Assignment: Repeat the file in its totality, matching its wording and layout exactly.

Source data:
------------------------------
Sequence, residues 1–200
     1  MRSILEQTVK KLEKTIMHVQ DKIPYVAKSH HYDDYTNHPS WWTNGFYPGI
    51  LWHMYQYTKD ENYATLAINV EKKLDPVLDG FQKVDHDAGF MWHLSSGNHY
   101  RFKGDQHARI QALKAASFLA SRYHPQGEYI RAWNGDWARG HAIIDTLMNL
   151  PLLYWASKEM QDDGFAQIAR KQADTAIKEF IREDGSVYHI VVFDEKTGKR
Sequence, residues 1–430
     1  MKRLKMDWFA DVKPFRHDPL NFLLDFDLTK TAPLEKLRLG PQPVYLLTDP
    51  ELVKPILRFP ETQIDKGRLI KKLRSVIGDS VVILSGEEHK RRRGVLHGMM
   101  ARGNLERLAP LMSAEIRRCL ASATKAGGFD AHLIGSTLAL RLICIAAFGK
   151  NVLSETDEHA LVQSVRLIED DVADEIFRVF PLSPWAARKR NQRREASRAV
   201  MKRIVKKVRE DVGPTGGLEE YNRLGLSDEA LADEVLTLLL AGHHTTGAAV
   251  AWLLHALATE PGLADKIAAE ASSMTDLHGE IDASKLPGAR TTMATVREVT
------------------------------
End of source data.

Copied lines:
Sequence, residues 1–200
     1  MRSILEQTVK KLEKTIMHVQ DKIPYVAKSH HYDDYTNHPS WWTNGFYPGI
    51  LWHMYQYTKD ENYATLAINV EKKLDPVLDG FQKVDHDAGF MWHLSSGNHY
   101  RFKGDQHARI QALKAASFLA SRYHPQGEYI RAWNGDWARG HAIIDTLMNL
   151  PLLYWASKEM QDDGFAQIAR KQADTAIKEF IREDGSVYHI VVFDEKTGKR
Sequence, residues 1–430
     1  MKRLKMDWFA DVKPFRHDPL NFLLDFDLTK TAPLEKLRLG PQPVYLLTDP
    51  ELVKPILRFP ETQIDKGRLI KKLRSVIGDS VVILSGEEHK RRRGVLHGMM
   101  ARGNLERLAP LMSAEIRRCL ASATKAGGFD AHLIGSTLAL RLICIAAFGK
   151  NVLSETDEHA LVQSVRLIED DVADEIFRVF PLSPWAARKR NQRREASRAV
   201  MKRIVKKVRE DVGPTGGLEE YNRLGLSDEA LADEVLTLLL AGHHTTGAAV
   251  AWLLHALATE PGLADKIAAE ASSMTDLHGE IDASKLPGAR TTMATVREVT